Back in the day — 1993, a time when people still used the expression “back in the day” — MTV was still synonymous with music. But that perception was changing rapidly as the Clinton era got underway, thanks to the Beavis and Butt-head juggernaut and the network’s successful forays into other genres, like the pop-culture game show Remote Control and the reality series The Real World. When MTV decided to jump into the late-night wars (okay, 10 p.m.) and develop its first talk show, the network cannibalized from its inventive but lower-rated series You Wrote It, You Watch It to find its host: a 31-year-old comedian named Jon Stewart. A star was born, at least among the MTV crowd: The Jon Stewart Show quickly became the network’s second-biggest hit (after Beavis and Butt-head) and provided its floppy-haired host with a showcase for the personable brand of comedy he would later bring to The Daily Show.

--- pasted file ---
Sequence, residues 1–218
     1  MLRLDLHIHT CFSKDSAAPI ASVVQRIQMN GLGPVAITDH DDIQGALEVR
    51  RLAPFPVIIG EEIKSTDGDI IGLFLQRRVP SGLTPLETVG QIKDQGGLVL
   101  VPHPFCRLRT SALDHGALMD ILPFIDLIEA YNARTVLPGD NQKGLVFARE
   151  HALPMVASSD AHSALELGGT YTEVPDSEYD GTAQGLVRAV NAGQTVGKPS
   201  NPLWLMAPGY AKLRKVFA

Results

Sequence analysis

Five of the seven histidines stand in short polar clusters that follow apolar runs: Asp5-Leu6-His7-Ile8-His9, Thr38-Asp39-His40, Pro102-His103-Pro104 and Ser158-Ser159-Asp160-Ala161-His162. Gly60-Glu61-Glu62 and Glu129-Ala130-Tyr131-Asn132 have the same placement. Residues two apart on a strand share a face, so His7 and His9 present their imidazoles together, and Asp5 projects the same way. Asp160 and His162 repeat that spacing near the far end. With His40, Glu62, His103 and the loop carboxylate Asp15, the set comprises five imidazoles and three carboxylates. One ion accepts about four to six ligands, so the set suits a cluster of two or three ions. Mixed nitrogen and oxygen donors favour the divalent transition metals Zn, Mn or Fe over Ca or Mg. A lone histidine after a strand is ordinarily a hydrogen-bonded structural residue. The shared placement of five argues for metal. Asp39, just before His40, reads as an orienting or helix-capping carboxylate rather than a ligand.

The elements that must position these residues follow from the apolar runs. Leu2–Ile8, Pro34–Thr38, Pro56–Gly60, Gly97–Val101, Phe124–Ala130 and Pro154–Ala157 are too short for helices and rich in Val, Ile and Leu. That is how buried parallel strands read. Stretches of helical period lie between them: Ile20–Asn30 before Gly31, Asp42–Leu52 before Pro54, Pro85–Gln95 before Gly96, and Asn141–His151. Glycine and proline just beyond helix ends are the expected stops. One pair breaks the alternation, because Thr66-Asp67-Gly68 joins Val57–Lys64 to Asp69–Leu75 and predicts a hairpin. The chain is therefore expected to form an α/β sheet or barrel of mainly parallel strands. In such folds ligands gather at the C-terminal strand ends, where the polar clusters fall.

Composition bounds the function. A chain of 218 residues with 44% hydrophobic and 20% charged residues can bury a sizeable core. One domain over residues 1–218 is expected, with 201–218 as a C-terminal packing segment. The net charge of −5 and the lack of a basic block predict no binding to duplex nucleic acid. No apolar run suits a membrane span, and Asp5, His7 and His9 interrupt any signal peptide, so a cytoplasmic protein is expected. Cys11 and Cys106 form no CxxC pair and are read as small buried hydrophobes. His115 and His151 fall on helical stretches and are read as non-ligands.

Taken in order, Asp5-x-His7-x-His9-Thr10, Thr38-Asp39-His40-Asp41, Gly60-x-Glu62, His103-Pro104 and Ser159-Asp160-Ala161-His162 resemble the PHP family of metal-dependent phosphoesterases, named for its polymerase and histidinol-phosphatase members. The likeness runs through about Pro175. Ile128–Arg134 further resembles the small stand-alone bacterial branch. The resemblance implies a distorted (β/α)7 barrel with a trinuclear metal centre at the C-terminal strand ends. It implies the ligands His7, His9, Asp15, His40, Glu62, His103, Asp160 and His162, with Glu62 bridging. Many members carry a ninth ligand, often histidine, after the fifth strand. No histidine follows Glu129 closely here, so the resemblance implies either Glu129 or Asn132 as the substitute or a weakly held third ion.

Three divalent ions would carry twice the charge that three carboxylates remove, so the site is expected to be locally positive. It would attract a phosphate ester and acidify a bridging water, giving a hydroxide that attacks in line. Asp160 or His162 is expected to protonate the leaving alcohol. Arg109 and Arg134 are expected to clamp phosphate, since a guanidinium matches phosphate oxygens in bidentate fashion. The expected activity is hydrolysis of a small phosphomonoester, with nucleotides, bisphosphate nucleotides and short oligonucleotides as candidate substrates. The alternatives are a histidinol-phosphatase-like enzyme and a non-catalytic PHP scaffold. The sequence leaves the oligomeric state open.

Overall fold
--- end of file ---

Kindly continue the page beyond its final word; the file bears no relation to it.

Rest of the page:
Throughout its one-season run on MTV and another in syndication — it was sent packing when, in a land-grab for television real estate, MTV parent company Paramount used the show to replace The Arsenio Hall Show — Stewart’s program became known, among other things, for giving safe harbor to musical artists you'd rarely see on other late-night talk shows, such as Quicksand, Slayer, and Guided by Voices. And all too often, the beloved host presided over the festivities while wearing faded mom jeans.
To celebrate its twentieth anniversary tonight, here’s a promotional ad MTV ran for the show on October 25, 1993, in which Stewart answers the pop-culture queries of various old men as they bathed in a heated pool.